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My Summer in Orthopedic Surgery

Editor’s note: The author’s identity has been withheld by the Editorial Board due to the sensitive nature of the article.

Administrative assistant, nurse and high school volunteer were just a few of the titles people assumed I was when they saw me sitting in the office of the Department of Orthopaedic Surgery. Often to their surprise, I was a medical student starting my summer research project between my first and second year. It became immediately clear that seeing a young woman associated with orthopedic surgery was not something many people were used to.

It was not until this summer that I started to get hit with many of the realities of what it means to enter this field. Orthopedic surgery is currently the medical specialty with the lowest percentage of women. Only four percent of board certified orthopedic surgeons are female. In the hospital where I was conducting research, there was only one female resident and two female attendings in the entire department.

Unfortunately, several stereotypes that are often strongly associated with orthopedic surgery became very apparent to me, especially the jock and fraternity brother culture. The crassness seemed to be something that came with the territory, and there was no shortage of penis jokes or “that’s what she said” moments. Every now and then, the residents or attendings would suddenly remember that I was sitting in the room or scrubbed in for a procedure and say something to the effect of, “Oh crap, there’s a girl in here. Let us know if we’re offending you,” or “Please don’t report us.” Getting hit on by various hospital staff or having attendings wink at me were not rare occurrences. I was also told numerous times to start improving my bench press and to make sure my drinking habits could keep up with the boys.

After this summer, I can see how the stereotypes of orthopedic surgery can often deter women from entering the specialty. Another reason for few women entering orthopedic surgery is the false pretense that this specialty requires a considerable amount of upper body strength. After scrubbing in on over 20 orthopedic cases this summer, I did not observe any procedure that I would not be able to do because I might have less upper body strength than my male colleagues. Maybe it took me a few more hammer strikes to get the nail in place, or I had to use both hands to tighten the screw, but the differences were minimal. Female orthopedic surgeons can also take advantage of biomechanical concepts to make physically demanding procedures, such as reduction of a dislocated hip, feasible even without impressive upper body strength. For example, the Captain Morgan technique utilizes the surgeon’s leg strength and the weight of the patient’s leg in order to achieve reduction. In addition, more efficient biomedical devices, such as oscillating bone saws and arthroscopic instruments, are making strength much less of a prerequisite for being a successful orthopedic surgeon.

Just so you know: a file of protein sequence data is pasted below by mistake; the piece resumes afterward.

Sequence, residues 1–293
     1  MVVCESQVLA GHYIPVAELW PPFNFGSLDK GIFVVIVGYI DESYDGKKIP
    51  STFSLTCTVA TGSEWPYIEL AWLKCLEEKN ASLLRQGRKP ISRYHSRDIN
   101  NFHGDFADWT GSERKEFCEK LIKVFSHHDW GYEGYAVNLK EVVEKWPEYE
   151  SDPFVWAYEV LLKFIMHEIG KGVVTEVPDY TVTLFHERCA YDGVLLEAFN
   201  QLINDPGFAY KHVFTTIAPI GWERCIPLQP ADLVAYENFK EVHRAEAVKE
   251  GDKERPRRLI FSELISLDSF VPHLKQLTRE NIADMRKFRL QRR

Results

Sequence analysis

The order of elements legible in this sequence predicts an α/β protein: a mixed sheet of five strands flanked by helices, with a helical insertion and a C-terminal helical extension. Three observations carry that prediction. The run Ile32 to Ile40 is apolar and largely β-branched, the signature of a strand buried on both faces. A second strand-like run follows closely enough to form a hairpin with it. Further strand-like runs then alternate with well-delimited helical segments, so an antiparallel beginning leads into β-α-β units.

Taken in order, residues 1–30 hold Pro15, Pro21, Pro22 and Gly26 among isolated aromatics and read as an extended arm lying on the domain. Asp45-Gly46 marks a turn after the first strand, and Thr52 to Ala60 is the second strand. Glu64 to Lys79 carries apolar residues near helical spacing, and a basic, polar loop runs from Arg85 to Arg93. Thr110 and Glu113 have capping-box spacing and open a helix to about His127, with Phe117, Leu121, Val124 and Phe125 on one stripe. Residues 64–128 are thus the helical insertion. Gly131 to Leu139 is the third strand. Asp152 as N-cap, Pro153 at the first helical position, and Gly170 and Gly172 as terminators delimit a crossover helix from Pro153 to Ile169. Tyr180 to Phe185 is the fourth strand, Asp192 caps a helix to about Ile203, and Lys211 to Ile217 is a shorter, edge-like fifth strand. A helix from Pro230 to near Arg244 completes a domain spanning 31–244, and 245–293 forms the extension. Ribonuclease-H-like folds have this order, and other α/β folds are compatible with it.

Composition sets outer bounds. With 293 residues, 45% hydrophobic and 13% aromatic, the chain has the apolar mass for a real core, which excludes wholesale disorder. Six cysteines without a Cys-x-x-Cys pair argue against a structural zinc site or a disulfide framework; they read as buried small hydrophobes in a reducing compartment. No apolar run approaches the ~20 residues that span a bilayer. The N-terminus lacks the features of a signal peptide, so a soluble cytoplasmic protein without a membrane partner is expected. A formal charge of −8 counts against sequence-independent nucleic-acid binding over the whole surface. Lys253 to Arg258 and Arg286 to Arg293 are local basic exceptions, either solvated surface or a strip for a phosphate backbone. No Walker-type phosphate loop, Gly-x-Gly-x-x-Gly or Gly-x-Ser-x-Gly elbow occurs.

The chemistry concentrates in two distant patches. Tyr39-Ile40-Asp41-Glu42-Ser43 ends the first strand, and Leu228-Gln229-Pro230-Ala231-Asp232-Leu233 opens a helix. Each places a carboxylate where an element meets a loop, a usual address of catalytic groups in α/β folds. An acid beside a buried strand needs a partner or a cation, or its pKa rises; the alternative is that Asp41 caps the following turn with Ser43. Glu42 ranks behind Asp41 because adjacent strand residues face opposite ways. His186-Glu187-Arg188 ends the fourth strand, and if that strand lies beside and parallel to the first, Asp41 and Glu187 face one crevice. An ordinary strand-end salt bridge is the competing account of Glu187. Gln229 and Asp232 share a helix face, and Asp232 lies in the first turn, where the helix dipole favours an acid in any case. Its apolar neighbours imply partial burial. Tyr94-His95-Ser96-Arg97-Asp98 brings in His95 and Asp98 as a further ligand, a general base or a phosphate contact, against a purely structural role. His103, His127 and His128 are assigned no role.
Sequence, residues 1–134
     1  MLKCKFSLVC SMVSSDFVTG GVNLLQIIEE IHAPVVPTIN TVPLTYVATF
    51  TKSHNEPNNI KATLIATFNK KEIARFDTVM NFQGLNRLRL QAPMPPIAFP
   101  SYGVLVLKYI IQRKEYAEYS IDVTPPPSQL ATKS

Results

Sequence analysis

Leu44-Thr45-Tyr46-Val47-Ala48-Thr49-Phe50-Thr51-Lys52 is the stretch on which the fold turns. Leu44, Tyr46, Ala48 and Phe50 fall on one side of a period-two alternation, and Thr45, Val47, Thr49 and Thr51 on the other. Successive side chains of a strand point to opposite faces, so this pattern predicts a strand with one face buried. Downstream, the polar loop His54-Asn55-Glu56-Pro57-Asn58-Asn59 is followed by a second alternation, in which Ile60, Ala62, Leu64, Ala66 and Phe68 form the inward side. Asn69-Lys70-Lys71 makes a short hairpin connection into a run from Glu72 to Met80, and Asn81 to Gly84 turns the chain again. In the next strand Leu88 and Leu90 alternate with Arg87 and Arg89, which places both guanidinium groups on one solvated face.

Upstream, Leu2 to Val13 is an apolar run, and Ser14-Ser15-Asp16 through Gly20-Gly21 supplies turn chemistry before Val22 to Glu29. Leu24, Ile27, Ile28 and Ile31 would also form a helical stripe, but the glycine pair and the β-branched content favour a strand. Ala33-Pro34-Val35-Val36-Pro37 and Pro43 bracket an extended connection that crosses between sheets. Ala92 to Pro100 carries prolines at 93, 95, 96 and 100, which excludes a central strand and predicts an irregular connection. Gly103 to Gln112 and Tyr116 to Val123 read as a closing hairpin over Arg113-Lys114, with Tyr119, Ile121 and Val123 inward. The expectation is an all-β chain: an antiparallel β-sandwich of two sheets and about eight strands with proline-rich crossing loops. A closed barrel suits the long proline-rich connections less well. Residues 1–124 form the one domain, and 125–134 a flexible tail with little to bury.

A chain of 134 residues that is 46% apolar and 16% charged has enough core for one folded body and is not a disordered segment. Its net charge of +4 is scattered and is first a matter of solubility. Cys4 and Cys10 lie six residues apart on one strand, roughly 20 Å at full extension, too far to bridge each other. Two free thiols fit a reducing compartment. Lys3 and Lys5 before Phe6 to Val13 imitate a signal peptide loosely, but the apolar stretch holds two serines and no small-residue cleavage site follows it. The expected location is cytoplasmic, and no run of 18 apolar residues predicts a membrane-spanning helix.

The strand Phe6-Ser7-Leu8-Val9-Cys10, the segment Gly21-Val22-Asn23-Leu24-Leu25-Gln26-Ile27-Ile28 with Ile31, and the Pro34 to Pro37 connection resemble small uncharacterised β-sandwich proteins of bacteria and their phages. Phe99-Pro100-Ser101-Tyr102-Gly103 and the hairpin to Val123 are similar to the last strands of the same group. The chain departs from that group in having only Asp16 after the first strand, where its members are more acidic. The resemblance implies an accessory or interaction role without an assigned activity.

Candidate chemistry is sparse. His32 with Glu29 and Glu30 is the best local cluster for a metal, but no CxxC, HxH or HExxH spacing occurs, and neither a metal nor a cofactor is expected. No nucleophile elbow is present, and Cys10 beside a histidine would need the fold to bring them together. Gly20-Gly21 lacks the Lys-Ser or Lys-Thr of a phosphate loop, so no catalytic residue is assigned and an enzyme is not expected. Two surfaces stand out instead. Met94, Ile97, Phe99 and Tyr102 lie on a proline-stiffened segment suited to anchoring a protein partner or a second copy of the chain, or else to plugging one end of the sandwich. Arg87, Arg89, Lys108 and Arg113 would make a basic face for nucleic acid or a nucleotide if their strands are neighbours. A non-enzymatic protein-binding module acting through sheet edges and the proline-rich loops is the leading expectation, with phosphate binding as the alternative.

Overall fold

One question that people have asked me is: Why does it matter that there are few women in orthopedic surgery? If women do not want to enter orthopedic surgery, then why should the effort be made to recruit more women? According to the AAMC, women made up 48 percent of medical students graduating in 2014, yet only represented 4.6 percent of practicing orthopedic surgeons. If orthopedic surgery wants to continue to attract the top applicants, it is reasonable to say that about half of the top applicants will be women. In addition, numerous benefits have been cited with respect to learning in a co-ed environment. Mark C. Gebhardt, MD, chief of orthopedic surgery at Beth Israel Deaconess Medical Center, argues that “women bring a different perspective to the specialty” because “exposure to individuals who have different life experiences, are a different gender, or are from different cultures changes a student’s prior assumptions. White male students learn to interact better with female and minority patients, which increases the quality of care and the satisfaction of both patient and physician.”

Organizations such as The Perry Initiative and the Ruth Jackson Orthopaedic Society are taking important steps to increase the number of women entering the field. I was fortunate enough to attend one of The Perry Initiative’s medical student outreach events and the experience only further encouraged me to pursue a career in orthopedic surgery. Several female orthopedic surgeons spoke about their career paths and afterwards I participated in a hands on workshop where we used bone saws and power drills to fix femur fractures on fake bones. Exposing more female medical students to the specialty and providing opportunities to meet potential mentors could play a role in drawing more talented women to orthopedic surgery.

My summer spent doing orthopedic surgery research gave me the opportunity to see firsthand what it was like to be a part of such a male-dominated specialty. However, I was also fortunate enough to meet several female orthopedic surgeons who told me about their experiences in the field and encouraged me to pursue this career path. Scrubbing in on so many exciting procedures and witnessing the fulfillment from helping many different patients has reinforced my interest in entering this specialty. Hopefully in the near future I will play a small role in changing the idea of what type of person becomes an orthopedic surgeon.

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